Archive

Archive for May, 2009

Re: Ron Paul on Pakistan

May 25th, 2009
Screw it? (AFP)

Screw it? (AFP)

In a recent column, Ron Paul argues for the complete and immediate withdrawal of US forces from Afghanistan and the cessation of all foreign aid to Pakistan:

The factions and politics of the Middle East are irrational and dangerous. We play with fire when we meddle in their affairs, and we isolate ourselves diplomatically by making more enemies than friends. We need to bring our troops home, end all foreign aid, and maintain a neutral stance on the world stage. It, in fact, is the only foreign policy we can afford right now, and it would gain us more friends and trading partners than our bombs ever could.
We tried his system through the 1990s until 2001. The result was the bombings of US embassies in Africa, the USS Cole, and New York and the Pentagon. Why would it be any different this time?

Staff Articles

Uh oh, conspiracy theory…

May 25th, 2009

timeFormer South Korean president Roh Moo-hyun died on Saturday after plunging off a cliff in an apparent suicide.  As everyone knows, last Saturday was also the 391st anniversary of the Second Defenestration of Prague, in which Protestant officials tossed two Catholic officials out from a window and helped start the Thirty Years’ War. Consider also the alleged suicide of the Czech politician Jan Masaryk in 1948.

From Wikipedia:

On March 10, 1948 Masaryk was found dead, dressed in his pajamas, in the courtyard of the Foreign Ministry below his bathroom window. The initial ‘investigation’ stated that he had committed suicide by jumping out of the window, although for a long time it has been believed by some that he may have been murdered by the nascent Communist government.

Staff Articles

Memorial Day

May 25th, 2009

Special Guest: James Fallows of “The Atlantic”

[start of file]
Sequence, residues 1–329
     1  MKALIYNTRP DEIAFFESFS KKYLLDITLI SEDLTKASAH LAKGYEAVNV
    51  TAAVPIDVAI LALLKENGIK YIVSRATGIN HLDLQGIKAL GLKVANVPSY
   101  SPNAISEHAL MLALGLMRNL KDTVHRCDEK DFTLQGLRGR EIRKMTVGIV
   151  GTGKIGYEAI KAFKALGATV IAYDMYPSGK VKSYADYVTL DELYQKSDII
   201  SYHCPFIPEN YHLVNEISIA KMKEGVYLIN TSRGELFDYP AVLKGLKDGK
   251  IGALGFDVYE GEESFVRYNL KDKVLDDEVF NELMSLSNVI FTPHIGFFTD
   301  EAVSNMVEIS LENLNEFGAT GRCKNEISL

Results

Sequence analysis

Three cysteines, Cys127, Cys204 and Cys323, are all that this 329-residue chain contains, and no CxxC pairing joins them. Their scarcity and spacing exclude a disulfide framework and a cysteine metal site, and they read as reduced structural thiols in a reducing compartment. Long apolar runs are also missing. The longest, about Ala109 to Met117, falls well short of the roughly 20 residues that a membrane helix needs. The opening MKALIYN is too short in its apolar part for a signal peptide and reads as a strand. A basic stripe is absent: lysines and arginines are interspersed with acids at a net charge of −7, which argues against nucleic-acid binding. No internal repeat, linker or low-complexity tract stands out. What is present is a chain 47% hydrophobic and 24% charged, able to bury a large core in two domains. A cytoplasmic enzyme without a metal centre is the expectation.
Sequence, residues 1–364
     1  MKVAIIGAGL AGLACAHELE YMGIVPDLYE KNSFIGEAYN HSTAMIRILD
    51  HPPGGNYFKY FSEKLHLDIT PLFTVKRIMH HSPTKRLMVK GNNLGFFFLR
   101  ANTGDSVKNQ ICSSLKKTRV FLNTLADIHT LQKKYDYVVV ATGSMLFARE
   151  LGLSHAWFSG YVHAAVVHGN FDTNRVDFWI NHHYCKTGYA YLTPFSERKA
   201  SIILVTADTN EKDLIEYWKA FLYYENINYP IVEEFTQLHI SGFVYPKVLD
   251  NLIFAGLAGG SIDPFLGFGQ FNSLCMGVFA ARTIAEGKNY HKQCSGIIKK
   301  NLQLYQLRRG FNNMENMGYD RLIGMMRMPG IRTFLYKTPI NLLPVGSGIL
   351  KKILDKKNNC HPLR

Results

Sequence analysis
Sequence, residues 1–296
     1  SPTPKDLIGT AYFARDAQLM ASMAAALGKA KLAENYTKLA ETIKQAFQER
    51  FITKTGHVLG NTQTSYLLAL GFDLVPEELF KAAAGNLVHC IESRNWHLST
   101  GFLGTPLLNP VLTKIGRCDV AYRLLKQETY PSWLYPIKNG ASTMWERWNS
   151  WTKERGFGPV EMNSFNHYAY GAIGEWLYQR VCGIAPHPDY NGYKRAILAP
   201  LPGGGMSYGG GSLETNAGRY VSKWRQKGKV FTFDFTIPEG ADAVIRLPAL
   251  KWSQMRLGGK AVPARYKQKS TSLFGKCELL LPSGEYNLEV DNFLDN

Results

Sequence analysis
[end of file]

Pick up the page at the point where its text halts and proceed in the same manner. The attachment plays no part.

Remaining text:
May 21st, 2009
James Fallows, National Correspondent at The Atlantic (Photo: The Atlantic)

James Fallows, National Correspondent for "The Atlantic" (Photo: The Atlantic)

Today Bellum is pleased to bring you exclusive commentary from James Fallows, National Correspondent for The Atlantic.  Mr. Fallows has written for the publication for more than 25 years and his work has appeared widely in such outlets as Slate, The New York Times Magazine, The New Yorker, and The American Prospect.  Before his career in journalism, Fallows, a Rhodes scholar, served as President Carter’s chief speechwriter as the youngest person ever to hold that position.  It was a privilege to gauge Mr. Fallows’ outlook for the near-term future of geopolitics across an array of topics:

Staff Q&A

New Commander in Afghanistan: A Risk-Taker?

May 15th, 2009
The aftermath of Eagle Claw (Airman, April 2001)

The aftermath of Eagle Claw (Airman, April 2001)

The mainstream media is abuzz with chatter over Secretary Gates’ decision to place Lt. Gen. Stanley McChrystal in command of US forces in Afghanistan. See McChrystal’s work history here and the biosketch of the incumbent commander, Gen. David McKiernan, here. SWJ has posted an interesting essay entitled “The Pope,” by Dalton Fury, about his experiences with McChrystal.